The free market functions efficiently because it is compelled by reality to do what works. Something that produces a negative return of 99.14% does not work; therefore, the free market cannot provide it. But government exists in a realm of sheer moonbattery, where reality does not apply.

[College president Josh] Bullock states that the turbines simply haven’t been able to power the campus’ buildings…

At least a lesson was learned. Or maybe not:

Lake Land plans to replace the two failed turbines with a solar power system paid for by a government grant. “[T]he photovoltaic panels are expected to save the college between $50,000 and $60,000 this year,” Allee told the DCNF.

Yeah. Sure they will.

Students, get used to studying in the dark. Taxpayers, keep those wallets open.

[ Byline ]

See Also

FAIL: Busted Wind Turbines Give College Whopping Negative 99.14% Return On Investment

Biological Hazard – Plague (Yersinia Pestis) Animal Infection: Wyoming


PLAGUE, ANIMAL – USA (02): (WYOMING) FELINE
************************
Published Date: 2016-04-23 12:19:05
Subject: PRO/AH/EDR> Plague, animal – USA (02): (WY) feline
Archive Number: 20160423.4178118

Date: Thursday, 21 Apr 2016
Source: Wyoming Department of Health [edited]

Three Park County cats have recently been confirmed as infected with plague, according to the Wyoming Department of Health (WDH). No human cases have been identified. All 3 cats lived in Cody, off the South Fork Road. The illness was confirmed in the 1st pet by the Wyoming State Veterinary Laboratory in Laramie on 12 Apr 2016, with confirmation of the 3rd on 20 Apr 2016.

“Plague is a serious bacterial infection that can be deadly for pets and for people if not treated promptly with antibiotics,” said Dr Karl Musgrave, state public health veterinarian with WDH. “The disease can be transmitted to humans from ill animals and by fleas coming from infected animals. We want people to know of the potential threat in the area the cats were from as well as across the state. Dogs can also become ill and transmit the disease.”

“While the disease is rare in humans, it’s safe to assume that the risk for plague exists all around Wyoming,” Musgrave said. Six human cases of plague have been confirmed in Wyoming since 1978 with the last one reported in 2008. There are an average of 7 human cases across the nation each year.

Precautions Musgrave recommends to help prevent plague infections include:
– avoid unnecessary exposure to rodents;
– avoid contact with rodent carcasses;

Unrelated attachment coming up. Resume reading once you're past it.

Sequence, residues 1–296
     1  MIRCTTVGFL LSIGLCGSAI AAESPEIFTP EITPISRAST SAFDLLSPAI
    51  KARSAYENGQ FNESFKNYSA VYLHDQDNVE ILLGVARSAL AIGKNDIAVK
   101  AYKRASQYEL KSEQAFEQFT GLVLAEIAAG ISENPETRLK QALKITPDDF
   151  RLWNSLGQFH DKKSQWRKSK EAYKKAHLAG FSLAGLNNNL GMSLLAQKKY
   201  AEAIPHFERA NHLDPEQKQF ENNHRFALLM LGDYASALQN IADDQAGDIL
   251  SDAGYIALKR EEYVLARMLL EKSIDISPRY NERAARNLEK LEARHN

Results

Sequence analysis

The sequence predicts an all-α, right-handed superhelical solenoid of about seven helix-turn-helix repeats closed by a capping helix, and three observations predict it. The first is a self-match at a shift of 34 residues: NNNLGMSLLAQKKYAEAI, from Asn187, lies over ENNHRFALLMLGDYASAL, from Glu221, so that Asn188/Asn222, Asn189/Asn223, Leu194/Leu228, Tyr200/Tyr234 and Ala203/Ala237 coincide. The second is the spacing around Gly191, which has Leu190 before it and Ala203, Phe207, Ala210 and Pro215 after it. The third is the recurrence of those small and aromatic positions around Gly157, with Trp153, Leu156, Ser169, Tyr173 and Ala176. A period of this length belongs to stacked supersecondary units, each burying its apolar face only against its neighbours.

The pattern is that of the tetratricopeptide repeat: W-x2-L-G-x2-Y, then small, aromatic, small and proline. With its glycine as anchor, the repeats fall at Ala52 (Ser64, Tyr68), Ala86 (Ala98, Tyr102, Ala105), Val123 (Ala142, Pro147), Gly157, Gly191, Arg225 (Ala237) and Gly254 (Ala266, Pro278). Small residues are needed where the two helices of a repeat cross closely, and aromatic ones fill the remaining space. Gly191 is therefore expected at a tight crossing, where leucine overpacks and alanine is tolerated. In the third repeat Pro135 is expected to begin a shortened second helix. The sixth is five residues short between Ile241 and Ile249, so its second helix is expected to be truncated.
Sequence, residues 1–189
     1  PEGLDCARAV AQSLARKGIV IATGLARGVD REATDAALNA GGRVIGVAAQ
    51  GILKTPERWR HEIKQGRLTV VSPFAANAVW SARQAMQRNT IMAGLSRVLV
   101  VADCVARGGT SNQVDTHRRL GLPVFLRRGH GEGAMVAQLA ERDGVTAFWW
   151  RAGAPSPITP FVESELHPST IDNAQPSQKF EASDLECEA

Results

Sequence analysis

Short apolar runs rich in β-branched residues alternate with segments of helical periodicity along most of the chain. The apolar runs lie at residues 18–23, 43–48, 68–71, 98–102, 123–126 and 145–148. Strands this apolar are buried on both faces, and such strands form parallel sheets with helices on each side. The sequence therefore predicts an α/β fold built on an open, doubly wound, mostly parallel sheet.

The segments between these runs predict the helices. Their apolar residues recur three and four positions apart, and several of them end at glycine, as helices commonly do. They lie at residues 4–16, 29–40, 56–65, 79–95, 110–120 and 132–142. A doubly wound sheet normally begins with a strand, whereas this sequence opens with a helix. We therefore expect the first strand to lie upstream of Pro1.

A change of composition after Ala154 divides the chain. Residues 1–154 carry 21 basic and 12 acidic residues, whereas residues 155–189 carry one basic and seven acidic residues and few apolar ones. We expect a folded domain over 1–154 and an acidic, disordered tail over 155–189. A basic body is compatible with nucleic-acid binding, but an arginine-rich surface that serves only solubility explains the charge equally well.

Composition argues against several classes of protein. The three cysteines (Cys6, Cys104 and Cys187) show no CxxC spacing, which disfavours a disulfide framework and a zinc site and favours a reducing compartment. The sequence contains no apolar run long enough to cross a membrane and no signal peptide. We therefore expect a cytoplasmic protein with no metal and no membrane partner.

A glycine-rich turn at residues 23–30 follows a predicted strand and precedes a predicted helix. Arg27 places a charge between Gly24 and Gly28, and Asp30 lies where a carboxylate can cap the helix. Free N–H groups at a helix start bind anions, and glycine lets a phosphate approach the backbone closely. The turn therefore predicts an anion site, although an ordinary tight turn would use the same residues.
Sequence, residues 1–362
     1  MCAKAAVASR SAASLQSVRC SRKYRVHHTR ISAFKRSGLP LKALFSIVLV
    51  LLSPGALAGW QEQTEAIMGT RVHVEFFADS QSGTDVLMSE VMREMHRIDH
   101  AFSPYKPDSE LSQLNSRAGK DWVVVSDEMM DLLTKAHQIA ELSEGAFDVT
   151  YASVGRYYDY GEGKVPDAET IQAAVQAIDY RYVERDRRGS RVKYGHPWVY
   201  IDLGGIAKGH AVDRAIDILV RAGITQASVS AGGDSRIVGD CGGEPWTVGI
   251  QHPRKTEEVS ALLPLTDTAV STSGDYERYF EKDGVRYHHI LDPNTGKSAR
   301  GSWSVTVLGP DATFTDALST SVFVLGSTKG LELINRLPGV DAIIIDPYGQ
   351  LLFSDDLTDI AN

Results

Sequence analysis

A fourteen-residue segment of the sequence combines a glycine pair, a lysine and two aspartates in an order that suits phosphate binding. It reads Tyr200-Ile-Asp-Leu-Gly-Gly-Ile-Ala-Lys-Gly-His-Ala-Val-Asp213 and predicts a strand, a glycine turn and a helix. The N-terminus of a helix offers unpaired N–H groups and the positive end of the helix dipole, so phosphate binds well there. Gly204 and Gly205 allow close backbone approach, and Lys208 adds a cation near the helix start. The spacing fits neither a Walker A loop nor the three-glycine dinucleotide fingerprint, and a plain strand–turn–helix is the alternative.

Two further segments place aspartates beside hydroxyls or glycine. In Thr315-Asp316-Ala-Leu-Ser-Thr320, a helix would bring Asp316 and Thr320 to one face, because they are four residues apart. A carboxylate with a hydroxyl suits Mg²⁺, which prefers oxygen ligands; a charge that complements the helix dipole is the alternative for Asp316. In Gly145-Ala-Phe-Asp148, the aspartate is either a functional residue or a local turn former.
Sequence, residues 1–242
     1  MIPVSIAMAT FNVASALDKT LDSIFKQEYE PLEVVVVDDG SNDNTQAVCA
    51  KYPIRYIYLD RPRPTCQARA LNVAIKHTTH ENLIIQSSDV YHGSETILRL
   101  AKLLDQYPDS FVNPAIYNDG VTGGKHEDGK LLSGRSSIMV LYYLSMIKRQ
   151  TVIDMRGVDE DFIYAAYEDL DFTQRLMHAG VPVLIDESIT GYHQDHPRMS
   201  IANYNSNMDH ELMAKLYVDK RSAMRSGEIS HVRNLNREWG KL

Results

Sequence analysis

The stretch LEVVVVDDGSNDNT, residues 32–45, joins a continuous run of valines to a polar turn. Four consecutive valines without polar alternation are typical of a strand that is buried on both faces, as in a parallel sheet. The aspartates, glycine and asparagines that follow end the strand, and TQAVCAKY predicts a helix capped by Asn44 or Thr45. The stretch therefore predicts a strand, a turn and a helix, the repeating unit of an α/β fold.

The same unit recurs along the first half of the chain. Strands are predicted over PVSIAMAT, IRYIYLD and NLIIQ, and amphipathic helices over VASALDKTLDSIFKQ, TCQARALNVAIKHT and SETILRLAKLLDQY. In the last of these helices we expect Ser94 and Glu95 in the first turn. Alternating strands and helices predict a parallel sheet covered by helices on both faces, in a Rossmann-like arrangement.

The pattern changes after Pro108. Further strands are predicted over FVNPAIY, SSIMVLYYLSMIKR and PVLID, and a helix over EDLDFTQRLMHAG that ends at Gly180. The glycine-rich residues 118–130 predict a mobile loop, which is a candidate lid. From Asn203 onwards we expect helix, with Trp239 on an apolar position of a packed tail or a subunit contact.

– avoid areas with unexplained rodent die-offs;
– use insect repellent on boots and pants when in areas that might have fleas;
– use flea repellent on pets, and properly dispose of rodents pets may bring home.

Plague signs in animals can include enlarged lymph glands; swelling in the neck, face or around the ears; fever; chills; lack of energy; coughing; vomiting; diarrhea and dehydration. Ill animals should be taken to a veterinarian.

Plague symptoms in people can include fever, swollen and tender lymph glands, extreme exhaustion, headache, chills, coughing, difficulty breathing, abdominal pain, vomiting and diarrhea. People who are ill should seek professional medical attention.

More information about plague is available online from the federal Centers for Disease Control and Prevention at http://www.cdc.gov/plague/.

communicated by:
ProMED-mail
<promed@promedmail.org>

[Plague is transmitted by fleas. There are several forms of plague in human beings: bubonic, septicemic and pneumonic.

Plague, caused by _Yersinia pestis_, is enzootic among rodents in the western United States. Humans can be infected through 1) the bite of an infected flea carried by a rodent or, rarely, other animals; 2) direct contact with contaminated tissues; or 3) in rare cases, inhalation of respiratory secretions from infected people or animals.

Plague is a potential bioterrorism agent. Human infections are rare but can be life-threatening. The case fatality rate of plague depends on the clinical presentation (that is, bubonic, septicemic, or pneumonic) and timing of initiation of antibiotic therapy; if untreated, the case fatality rate is over 50 per cent for bubonic plague and approaches 100 per cent for pneumonic plague. Rapid laboratory identification can help guide therapy.

Domestic cats and dogs can also contract plague from infective fleas. They may carry infected fleas home to their owners. Cats may serve as a direct source of infection. There are many flea treatments and repellents appropriate for pets available. Some products may be suitable for dogs but not cats, or may be suitable for an adult but not a younger animal. Be sure to consult your veterinarian, as some products may be toxic to cats, kittens, and puppies, even resulting in fatalities.